From the Education Nation section of our local NBC affiliate:
How much will the new contract cost? Pay raises and hiring nearly 500 new teachers to implement the longer school day has a higher price tag -- as high as $295 million -- that some say could lead to higher property taxes.
The mayor, though, avoided specifics.
"We have other tough things to do," he told reporters. "I never denied that we did have tough things to do, but I can't sit here and say within the first five minutes of this contract being negotiated, that I could tell you exactly what's going to happen four or five months from now."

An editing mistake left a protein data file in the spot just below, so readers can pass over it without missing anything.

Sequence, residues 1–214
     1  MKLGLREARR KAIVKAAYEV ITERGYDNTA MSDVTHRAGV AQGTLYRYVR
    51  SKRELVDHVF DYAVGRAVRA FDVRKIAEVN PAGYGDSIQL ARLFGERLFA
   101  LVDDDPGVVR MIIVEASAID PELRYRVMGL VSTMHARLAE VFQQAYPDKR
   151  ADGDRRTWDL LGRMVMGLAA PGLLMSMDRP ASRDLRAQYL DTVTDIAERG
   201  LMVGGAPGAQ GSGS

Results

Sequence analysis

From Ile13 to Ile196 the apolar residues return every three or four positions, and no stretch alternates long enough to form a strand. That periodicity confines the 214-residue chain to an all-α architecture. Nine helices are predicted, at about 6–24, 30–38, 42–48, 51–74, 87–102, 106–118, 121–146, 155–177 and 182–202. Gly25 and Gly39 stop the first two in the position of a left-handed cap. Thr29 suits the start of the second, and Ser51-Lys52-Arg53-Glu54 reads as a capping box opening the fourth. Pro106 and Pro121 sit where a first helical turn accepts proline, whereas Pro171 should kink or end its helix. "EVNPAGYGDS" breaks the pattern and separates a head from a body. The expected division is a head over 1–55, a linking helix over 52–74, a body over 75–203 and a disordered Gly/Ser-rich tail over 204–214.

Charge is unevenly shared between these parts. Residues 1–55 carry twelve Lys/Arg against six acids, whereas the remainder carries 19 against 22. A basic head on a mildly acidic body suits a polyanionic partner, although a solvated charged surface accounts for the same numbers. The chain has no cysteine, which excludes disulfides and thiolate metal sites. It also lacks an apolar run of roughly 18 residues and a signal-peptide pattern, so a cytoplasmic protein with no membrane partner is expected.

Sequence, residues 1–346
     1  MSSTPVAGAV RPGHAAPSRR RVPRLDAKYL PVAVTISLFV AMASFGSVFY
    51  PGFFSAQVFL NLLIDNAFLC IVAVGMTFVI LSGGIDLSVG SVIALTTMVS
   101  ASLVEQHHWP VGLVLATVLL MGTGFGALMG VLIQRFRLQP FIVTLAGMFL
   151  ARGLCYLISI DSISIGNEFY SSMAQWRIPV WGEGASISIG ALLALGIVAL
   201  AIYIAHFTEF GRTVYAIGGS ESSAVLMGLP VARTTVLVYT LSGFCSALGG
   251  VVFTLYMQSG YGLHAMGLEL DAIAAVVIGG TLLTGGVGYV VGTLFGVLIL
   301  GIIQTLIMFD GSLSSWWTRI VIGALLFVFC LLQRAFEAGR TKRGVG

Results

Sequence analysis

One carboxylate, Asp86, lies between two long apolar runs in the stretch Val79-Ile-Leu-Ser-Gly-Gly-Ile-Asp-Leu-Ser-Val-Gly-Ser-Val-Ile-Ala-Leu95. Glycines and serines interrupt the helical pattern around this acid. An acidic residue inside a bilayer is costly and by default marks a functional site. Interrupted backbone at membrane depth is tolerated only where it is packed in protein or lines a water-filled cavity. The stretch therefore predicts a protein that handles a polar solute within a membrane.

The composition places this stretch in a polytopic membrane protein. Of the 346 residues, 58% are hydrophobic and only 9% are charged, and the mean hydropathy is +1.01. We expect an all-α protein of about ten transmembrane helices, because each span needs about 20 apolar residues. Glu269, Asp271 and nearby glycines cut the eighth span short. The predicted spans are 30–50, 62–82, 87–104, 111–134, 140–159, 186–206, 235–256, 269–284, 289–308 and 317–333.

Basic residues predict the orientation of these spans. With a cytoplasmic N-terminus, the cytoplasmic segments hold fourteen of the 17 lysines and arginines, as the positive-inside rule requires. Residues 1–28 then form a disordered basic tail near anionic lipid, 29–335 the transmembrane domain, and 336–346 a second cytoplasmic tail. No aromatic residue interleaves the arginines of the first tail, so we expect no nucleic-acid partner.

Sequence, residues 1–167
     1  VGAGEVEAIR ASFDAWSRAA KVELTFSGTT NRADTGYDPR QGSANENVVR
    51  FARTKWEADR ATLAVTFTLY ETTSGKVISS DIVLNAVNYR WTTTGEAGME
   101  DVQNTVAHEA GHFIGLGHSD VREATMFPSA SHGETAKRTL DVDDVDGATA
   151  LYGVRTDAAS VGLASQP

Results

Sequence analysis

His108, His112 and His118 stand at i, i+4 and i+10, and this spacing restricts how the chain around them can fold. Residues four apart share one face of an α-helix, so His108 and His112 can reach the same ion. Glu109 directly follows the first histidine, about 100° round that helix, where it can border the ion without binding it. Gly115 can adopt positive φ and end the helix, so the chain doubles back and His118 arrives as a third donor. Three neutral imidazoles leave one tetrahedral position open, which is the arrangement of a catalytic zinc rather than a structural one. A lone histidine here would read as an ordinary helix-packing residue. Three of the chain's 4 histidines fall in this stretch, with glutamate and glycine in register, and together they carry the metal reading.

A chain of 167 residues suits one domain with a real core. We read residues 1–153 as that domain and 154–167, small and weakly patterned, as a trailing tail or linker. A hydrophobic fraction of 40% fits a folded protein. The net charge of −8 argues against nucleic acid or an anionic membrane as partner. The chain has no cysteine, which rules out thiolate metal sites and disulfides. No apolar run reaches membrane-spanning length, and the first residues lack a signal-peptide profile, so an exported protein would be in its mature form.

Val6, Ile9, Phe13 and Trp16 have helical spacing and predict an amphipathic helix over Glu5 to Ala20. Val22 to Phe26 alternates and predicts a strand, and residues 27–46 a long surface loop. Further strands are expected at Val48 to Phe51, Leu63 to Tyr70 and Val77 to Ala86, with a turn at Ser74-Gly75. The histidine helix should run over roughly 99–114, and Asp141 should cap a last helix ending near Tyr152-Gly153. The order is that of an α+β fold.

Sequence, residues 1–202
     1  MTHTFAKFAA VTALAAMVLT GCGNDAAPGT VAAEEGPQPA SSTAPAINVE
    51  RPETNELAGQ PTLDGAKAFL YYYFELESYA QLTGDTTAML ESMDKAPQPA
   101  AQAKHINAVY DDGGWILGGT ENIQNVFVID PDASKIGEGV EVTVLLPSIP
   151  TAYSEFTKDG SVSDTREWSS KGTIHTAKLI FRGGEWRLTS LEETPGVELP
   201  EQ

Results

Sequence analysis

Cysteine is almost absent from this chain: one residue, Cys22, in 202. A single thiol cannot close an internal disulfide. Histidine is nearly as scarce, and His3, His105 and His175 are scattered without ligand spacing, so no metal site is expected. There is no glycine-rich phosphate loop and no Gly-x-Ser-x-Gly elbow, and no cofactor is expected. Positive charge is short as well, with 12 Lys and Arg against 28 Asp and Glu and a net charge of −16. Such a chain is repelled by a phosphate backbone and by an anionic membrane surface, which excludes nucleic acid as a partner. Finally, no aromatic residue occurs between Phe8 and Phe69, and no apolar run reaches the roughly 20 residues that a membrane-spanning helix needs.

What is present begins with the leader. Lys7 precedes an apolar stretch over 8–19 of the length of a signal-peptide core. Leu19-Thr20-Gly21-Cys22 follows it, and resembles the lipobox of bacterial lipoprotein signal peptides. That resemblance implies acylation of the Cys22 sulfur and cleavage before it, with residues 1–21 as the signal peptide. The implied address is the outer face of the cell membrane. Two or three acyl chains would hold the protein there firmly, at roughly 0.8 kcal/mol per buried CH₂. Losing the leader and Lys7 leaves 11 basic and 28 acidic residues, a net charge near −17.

Chicago Public Schools said "all options are on the table" to make up for new money being spent. Teachers won a 3 percent raise in the first year followed by 2 percent raises in years two and three. The 2015 board must let the union know if it has the money for a fourth year 4 percent raise.
Teachers lost sick day payouts, severance adjustments and reduced layoff benefits. Ten holidays were reduced to eight.
Without pension relief, CPS could be looking at a deficit of up to $1 billion.
Emanuel reportedly is considering increases to the city's 68-cent-a-pack cigarette tax and the 9 percent amusement tax as a way to make up for the budget shortfall. His office has maintained he is not considering property tax hikes.